"Of course not... Brian," the reporter agrees. And he's smiling at all the attention Brian is giving him, while Jimmy steams in the background.

"They sent you on this story because you're gay, am I right about that, Henry?" Brian isn't asking -- he's stating fact.

"Well, yes, that's true, Brian. 'The Olympian' is a gay themed film, so they felt that my perspective would be valuable." Henry nods at Brian like Brian is the interviewer, which is almost true, seeing as how he's taken complete charge of the proceedings.

"So I'm sure that you will also agree that unless I answer a direct question about my own personal life, then any personal stuff that you see will be strictly 'off the record' -- correct?"

Now Townsend is a little uneasy. But Brian is giving him the Full Kinney Stare. You usually don't see that unless Brian is in cruising mode. And then the reporter smiles sheepishly. "Yes, 'off the record,' certainly. I'm not here to out anyone. That is not our paper's policy. I'm here to write an in-depth story about the film -- not to gather material for an exposé. You can trust me, Brian."

"Good," says Brian, leaning back in his chair. "Then you won't mind if my boyfriend waits here while we talk, do you? Because if I have to send him out of the room and then pontificate about how this picture is such a fucking 'groundbreaking' moment for gay people and their fucking 'struggle' -- then I may have to puke? Do you understand me, Henry?"

Jimmy is practically hiding his head under his armpit, moaning. "Brian! What the FUCK are you DOING?"

"Shut up, Jimmy. This is MY life," says Brian.

Now Peggy is even more sour and superior than usual as she plays with her coffee cups. She's giving Jimmy one of those 'I told you so' looks and shaking her head. I just want to take Peggy by the shoulders and shake HER, but I just stand and clench my fists. I look at the Englishman from where I'm standing behind Brian's chair.

And he looks up at me, right into my eyes. "Yes, I understand you, Brian. I understand you perfectly." Henry Townsend gives me a crooked little grin. "Only one request, if I may?"

Brian blinks. "Which is?"

"That after all this silly business is finished and you want to talk -- really talk -- that you'll speak to me first." Now I see that Mr. Townsend may be a fellow queer, but he really IS a reporter, too. And probably a very good reporter.

Brian extends his hand again and takes Townsend's, shaking it firmly. "It's a fucking deal."

And then they get down to the interview.


Two hours later Brian and I are sitting on the outside terrace at Flora's in West Hollywood having lunch with Diane -- and Henry Townsend.

Brian invited the reporter to come along after they finished talking in Jimmy's office and the guy jumped at the chance. Brian is pretty smart, I'd say. Now this guy is an ally instead of one of the 'enemy,' which is the way Brian looks at most reporters. I know Townsend is going to write a good story about the film and not any gossip about our personal lives. From what Brian told this reporter I also know that Brian is seriously thinking about 'coming out' officially to the public. And that will have a big impact on our relationship, that's for sure. Yes, the understatement of the century!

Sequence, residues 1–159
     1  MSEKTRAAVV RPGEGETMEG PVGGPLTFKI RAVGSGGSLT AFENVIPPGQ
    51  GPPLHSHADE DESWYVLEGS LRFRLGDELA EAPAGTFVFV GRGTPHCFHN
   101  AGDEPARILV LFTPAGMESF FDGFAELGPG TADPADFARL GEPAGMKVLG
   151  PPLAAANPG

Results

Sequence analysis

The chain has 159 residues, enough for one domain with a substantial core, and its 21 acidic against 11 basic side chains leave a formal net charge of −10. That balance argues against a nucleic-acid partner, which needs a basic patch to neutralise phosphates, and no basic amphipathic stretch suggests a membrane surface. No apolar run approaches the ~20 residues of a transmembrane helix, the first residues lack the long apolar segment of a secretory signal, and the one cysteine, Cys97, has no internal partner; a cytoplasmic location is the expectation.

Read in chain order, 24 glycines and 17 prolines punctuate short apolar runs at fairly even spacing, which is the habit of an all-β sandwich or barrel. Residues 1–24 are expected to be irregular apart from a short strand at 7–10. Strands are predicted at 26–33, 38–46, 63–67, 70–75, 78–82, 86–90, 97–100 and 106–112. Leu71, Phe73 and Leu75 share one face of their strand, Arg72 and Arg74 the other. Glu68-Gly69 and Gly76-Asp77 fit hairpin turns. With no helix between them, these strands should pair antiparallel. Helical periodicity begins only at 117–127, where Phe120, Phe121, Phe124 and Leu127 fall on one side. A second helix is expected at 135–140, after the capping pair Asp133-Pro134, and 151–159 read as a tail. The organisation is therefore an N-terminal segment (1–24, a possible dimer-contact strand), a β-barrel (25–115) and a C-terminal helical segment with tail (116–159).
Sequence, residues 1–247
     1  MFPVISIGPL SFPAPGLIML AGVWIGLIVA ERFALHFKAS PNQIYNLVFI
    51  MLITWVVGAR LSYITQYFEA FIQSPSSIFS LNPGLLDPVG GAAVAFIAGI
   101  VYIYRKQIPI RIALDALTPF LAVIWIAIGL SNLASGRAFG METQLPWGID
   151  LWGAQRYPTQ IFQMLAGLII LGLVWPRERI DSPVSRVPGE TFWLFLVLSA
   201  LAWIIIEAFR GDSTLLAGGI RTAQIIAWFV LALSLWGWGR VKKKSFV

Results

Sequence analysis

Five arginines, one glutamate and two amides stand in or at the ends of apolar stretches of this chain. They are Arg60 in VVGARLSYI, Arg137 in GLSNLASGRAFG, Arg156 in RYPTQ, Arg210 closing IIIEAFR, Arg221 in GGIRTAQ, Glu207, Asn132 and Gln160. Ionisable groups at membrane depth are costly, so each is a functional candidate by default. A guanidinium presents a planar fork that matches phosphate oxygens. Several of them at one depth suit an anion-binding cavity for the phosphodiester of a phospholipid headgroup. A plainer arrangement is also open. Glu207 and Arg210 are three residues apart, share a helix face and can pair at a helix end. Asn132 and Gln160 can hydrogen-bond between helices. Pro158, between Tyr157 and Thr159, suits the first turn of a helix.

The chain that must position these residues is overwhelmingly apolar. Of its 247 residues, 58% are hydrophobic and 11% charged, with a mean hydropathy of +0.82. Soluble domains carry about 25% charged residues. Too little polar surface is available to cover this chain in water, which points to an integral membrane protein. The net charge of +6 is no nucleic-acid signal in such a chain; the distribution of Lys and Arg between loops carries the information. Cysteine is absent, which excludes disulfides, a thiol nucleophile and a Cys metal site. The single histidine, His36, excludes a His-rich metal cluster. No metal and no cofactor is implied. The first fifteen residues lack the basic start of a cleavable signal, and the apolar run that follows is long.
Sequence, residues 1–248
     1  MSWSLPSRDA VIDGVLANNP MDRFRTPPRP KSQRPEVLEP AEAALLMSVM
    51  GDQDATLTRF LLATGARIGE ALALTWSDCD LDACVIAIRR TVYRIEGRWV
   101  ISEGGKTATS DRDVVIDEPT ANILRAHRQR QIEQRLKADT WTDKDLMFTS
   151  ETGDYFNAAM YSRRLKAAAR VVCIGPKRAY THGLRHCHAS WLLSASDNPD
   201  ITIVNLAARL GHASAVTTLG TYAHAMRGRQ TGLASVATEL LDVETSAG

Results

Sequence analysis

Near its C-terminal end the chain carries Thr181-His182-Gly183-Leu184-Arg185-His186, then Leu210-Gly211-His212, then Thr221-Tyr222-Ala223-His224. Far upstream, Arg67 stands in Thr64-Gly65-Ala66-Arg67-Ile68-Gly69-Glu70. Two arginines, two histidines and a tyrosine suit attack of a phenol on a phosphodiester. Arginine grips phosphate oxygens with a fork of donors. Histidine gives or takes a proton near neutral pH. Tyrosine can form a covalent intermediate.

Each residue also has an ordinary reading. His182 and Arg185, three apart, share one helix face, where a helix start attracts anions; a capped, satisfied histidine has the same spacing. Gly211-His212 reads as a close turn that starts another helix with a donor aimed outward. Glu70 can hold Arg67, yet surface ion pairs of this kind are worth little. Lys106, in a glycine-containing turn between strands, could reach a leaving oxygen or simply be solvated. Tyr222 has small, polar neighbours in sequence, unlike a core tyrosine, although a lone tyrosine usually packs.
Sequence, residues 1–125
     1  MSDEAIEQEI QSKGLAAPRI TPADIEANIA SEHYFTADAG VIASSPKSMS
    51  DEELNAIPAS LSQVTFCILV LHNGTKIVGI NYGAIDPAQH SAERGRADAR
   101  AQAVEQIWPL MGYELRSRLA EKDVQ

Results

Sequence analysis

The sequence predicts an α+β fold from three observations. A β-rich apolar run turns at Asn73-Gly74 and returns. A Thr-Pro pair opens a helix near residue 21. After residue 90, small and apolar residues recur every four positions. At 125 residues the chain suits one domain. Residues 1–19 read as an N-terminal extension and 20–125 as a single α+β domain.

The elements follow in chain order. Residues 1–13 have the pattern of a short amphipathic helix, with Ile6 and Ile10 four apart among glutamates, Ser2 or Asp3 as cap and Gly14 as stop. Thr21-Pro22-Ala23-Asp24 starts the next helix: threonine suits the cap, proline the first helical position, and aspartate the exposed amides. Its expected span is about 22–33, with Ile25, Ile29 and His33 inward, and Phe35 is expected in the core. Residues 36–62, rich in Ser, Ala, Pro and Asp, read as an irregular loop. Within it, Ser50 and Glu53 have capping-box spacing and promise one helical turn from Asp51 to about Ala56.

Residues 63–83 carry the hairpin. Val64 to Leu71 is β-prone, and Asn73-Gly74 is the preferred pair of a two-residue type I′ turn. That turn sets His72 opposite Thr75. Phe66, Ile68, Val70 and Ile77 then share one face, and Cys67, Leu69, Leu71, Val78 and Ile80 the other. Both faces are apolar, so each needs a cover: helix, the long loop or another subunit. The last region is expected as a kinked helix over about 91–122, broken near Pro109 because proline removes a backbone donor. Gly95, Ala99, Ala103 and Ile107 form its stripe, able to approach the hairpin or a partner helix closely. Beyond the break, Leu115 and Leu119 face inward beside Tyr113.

As usual whenever we go anywhere with Diane, she does most of the talking. Which is fine with Brian, because then he doesn't have to talk about himself at all. Diane is doing a fine PR job --she is really laying it on thick with Henry Townsend. Telling him what a great actor Brian is and how everyone is talking about 'The Olympian' and how it's going to be up for a lot of awards. And also about her new television series so the Englishman will know that Diane isn't just some groupie or fag hag -- she's a star in her own right. At least I hope she will be a big star after her show premieres in January.

Brian is smiling as he listens to her. Sometimes Diane sounds like a cheerleader when she talks about Brian. And I understand why. She's totally in love with him, that's obvious. I'm an expert on people who are in love with Brian. But it's not like Lindsay, who is in love with Brian and secretly wants to keep him for herself. Diane knows the score and she knows that she and Brian will never be more than friends. But she's like the sister that Brian's own sister, Claire, has never been to him -- a good friend, a constant supporter, and -- when needed -- a cheerleader. So I'm glad that Diane is there for Brian and that she has been most of the time he's been out here in L.A. Because Brian has a lot of acquaintances, but not a lot of real friends. And Diane is one of those real friends.

Just as we are finishing our lunch Diane leans over to Brian and says, "There's Frederick Atwood and his boyfriend." And we all turn to look over at the famous television star. At one time he was like THE biggest star on television. He's got to be in his late sixties now, but he still looks pretty handsome, whether due to taking really good care of himself -- or else a really good plastic surgeon. And his boyfriend -- Diane says they've been together for over thirty years! That's even longer than Harry Collins and Gerry Milton have been a couple! It's hard for me to think about having a relationship for that long, but it also makes me hopeful that it's possible.